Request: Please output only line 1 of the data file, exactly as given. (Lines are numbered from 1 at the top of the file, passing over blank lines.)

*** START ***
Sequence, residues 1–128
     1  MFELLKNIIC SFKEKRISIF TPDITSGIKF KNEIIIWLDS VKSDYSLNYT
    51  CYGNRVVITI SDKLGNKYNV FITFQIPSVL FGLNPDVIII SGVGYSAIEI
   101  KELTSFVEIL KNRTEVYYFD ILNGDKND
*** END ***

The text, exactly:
Sequence, residues 1–128